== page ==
What Environments Is It Exposed To?
Third, consider the environment that this medical part will be used in. For example, parts that are to be used in a laboratory may need to withstand friction and impact, as they will be handled by several people throughout their lifetime.
Another example is an implant, which is designed to be placed inside a patient’s body. The plastic part should therefore be able to handle liquids, heat, movement, and corrosive substances.
Additionally, the implant’s design needs the patient’s comfort and safety in mind. The design and materials you choose for your part should factor in the environment it will be exposed to.
How Durable is My Part?
When it comes to medical parts, those that can easily break or shatter aren’t suitable for use. They are an inconvenience and pose health hazards not just for the patient, but also for the medical professional handling the tool. As such, your design should consider how durable your part needs to be, and which materials offer resistance to breakage and shattering.
What are My Plastic Resin Options?
There are several different resins used in injection molding for medical parts. From silicone to polyetheretherketone (PEEK) to thermoplastic elastomers (TPEs), the choices are almost endless.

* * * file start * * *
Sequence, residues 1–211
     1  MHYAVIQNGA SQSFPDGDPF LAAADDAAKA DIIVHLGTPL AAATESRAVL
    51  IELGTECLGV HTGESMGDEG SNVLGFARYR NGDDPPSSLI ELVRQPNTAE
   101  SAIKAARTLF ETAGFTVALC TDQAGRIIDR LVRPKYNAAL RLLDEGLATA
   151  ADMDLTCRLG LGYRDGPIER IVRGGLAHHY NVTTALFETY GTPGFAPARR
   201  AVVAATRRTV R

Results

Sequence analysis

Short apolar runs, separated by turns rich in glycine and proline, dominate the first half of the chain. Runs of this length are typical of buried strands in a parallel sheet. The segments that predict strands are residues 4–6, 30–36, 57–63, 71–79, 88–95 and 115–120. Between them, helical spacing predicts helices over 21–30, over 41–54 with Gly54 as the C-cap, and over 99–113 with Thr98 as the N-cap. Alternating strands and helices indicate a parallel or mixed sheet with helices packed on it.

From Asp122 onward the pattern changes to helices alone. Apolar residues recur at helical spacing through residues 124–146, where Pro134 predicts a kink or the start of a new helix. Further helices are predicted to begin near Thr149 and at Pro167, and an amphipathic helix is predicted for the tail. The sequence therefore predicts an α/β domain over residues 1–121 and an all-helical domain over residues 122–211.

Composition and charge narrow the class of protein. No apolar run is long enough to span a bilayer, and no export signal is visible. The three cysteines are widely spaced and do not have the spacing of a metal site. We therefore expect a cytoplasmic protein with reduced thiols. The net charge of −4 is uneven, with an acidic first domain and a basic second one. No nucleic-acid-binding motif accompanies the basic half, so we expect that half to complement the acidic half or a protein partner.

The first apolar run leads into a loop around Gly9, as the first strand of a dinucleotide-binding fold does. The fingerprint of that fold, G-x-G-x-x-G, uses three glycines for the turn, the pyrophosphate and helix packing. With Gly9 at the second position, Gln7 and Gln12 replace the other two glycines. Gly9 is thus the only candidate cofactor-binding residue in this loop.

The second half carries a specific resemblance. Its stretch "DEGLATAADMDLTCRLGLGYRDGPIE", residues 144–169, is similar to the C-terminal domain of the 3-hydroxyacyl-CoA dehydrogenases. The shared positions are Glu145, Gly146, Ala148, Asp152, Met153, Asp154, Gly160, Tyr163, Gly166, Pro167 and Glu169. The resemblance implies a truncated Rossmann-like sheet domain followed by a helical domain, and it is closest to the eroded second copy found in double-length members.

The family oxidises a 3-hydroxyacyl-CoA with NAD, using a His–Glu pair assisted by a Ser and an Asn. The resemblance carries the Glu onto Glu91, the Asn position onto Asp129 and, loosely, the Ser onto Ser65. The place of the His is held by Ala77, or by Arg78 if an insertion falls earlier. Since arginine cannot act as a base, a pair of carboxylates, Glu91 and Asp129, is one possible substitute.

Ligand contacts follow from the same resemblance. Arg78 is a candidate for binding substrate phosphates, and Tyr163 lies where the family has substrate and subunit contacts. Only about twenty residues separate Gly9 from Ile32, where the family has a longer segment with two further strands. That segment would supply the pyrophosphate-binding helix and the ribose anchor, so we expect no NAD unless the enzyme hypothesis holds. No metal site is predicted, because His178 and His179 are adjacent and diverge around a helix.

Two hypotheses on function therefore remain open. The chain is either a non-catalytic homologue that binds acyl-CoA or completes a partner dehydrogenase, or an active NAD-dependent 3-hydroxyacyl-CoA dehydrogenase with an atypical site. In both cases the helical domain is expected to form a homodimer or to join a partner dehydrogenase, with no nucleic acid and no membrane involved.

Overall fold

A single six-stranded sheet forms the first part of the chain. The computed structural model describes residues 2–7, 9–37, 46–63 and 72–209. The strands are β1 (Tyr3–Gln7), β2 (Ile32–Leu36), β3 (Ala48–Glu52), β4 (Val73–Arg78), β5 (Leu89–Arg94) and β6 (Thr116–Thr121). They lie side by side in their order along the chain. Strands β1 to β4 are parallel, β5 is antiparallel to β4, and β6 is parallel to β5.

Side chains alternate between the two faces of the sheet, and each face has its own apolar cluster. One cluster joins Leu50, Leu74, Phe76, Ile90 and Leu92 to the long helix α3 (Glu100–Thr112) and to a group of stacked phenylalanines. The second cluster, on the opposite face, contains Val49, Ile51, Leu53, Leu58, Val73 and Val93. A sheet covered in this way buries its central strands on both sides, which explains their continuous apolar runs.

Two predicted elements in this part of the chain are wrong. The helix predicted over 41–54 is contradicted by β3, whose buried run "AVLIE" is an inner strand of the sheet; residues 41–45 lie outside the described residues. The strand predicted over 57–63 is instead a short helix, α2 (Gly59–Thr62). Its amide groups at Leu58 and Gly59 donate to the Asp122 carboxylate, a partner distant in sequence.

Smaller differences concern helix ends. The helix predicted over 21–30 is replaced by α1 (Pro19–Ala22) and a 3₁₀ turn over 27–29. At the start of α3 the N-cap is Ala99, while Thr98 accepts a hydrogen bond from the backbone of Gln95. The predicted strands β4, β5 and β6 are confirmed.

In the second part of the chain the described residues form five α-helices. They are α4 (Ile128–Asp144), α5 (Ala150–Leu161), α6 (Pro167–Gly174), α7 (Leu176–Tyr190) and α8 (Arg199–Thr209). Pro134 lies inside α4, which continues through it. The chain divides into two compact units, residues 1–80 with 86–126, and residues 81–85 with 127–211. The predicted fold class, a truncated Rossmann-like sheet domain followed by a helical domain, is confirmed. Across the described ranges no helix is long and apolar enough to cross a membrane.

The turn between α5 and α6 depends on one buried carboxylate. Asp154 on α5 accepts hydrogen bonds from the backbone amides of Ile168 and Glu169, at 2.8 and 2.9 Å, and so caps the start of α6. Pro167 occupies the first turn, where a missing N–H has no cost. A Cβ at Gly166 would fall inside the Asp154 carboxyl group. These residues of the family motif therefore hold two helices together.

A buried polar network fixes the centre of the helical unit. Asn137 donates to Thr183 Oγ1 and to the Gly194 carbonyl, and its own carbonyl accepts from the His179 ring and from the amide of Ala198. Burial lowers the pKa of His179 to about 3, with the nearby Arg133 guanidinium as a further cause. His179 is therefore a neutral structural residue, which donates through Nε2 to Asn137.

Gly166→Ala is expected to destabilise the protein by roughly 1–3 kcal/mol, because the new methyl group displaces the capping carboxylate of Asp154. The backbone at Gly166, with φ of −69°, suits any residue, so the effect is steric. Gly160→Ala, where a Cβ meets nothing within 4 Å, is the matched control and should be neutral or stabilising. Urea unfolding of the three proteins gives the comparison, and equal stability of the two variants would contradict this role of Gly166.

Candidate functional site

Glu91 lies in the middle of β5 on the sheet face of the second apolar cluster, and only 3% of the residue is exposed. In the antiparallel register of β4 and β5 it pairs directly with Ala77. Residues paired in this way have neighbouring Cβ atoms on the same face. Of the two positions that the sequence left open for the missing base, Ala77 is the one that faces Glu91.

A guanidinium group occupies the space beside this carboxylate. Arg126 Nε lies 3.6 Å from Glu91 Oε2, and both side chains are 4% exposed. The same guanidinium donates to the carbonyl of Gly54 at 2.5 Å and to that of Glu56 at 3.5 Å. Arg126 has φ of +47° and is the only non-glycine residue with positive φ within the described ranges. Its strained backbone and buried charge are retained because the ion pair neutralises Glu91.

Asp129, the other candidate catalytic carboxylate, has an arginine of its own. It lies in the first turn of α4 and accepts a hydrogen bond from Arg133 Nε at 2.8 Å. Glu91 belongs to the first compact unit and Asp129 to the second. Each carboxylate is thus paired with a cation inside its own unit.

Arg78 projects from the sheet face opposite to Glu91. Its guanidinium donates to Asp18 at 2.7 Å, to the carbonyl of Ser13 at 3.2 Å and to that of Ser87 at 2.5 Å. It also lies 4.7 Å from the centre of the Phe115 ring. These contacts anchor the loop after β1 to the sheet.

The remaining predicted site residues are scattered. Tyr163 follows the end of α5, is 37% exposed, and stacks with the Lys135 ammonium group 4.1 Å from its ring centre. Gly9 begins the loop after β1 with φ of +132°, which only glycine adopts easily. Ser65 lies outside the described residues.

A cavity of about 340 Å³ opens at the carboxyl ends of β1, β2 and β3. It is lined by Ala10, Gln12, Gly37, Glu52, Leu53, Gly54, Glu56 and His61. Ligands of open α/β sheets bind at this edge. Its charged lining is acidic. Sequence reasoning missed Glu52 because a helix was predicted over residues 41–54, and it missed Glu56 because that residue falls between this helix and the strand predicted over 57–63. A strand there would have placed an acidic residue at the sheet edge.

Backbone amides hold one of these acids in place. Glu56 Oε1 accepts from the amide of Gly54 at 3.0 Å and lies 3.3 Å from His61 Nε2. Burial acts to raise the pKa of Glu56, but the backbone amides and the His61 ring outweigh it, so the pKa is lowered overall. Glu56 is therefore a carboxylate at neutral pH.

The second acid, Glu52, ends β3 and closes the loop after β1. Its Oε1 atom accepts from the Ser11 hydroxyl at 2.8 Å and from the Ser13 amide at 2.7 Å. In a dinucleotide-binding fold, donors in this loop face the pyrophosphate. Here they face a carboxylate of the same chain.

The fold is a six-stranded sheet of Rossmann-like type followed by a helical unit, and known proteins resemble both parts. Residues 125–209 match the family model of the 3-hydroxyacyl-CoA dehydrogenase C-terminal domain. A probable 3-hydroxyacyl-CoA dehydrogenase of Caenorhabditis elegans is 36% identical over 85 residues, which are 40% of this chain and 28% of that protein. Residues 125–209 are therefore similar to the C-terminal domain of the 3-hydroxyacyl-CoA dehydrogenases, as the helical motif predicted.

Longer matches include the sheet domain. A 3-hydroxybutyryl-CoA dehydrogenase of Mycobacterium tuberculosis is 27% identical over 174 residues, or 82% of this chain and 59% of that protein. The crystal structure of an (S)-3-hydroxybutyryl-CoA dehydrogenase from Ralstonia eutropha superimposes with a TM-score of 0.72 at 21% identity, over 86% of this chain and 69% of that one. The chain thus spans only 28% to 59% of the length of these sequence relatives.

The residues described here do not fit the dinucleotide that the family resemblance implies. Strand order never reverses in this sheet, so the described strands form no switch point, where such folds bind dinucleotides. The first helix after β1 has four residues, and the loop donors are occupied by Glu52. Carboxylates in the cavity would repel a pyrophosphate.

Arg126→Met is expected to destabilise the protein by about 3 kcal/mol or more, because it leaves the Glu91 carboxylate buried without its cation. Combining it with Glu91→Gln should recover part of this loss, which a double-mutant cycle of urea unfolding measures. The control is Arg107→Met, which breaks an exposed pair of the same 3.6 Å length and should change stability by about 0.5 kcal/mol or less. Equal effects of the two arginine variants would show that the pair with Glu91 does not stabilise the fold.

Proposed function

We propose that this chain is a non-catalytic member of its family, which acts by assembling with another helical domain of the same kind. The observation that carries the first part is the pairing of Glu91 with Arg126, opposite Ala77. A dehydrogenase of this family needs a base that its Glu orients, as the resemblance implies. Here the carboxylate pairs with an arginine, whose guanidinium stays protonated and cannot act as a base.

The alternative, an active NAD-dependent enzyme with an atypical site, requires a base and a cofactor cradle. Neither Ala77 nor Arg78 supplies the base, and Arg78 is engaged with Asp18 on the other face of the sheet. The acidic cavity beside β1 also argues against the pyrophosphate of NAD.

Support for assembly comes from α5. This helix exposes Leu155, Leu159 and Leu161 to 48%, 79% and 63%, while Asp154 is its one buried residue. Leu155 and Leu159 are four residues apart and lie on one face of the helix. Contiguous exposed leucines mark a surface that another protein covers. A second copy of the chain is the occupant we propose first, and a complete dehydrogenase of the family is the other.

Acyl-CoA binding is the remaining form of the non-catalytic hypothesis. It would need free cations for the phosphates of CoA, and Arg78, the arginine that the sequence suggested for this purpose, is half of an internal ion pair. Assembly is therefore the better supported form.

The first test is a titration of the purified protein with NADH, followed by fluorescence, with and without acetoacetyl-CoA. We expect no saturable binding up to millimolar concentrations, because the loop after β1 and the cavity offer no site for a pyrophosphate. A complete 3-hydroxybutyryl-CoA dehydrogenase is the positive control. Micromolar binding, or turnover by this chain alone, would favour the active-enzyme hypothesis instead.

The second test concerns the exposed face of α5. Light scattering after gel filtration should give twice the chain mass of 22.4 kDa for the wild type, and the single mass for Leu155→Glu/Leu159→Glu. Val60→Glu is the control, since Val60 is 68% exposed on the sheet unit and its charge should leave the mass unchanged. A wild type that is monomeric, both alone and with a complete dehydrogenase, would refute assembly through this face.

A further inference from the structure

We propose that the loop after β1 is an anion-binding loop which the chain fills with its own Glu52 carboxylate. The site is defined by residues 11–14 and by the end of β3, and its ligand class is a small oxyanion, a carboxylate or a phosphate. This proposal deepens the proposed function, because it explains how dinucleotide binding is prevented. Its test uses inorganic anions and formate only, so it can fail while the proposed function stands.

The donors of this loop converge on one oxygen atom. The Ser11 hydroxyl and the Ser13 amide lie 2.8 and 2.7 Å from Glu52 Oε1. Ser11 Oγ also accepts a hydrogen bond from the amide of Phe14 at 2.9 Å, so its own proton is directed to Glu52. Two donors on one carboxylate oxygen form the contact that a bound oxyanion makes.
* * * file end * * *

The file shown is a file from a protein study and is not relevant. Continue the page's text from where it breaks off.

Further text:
With that wide selection of materials, there is a wide range of bio-compatibilities and mechanical properties. Though you might think that an extensive list of choices makes it easier, choosing the best resin is more complicated than it seems.
For example, you might find that several resins fit your needs. What you should consider in that case is how effective each one is. For example, two resins might be shatterproof, but one is more durable against wear and tear. Another thing to consider is availability. One resin might seem perfect for the job, but it is difficult to source. As a result, your costs shoot up — something you should avoid.
How Complex is My Design?
To make high-quality parts and reduce the need for extensive prototyping and revising, you need to consider how complex your design ought to be. Is your design overly complicated? Did you consider all the basic factors of manufacturability?
A very complex design does not mean that it is a good one — it might just mean you’re taking more steps than you should. To make a fit-for-use part and make your injection molding process consistent, your design should meet your demands practically. Consulting with your injection molding partner and their engineers should help you make smart adjustments.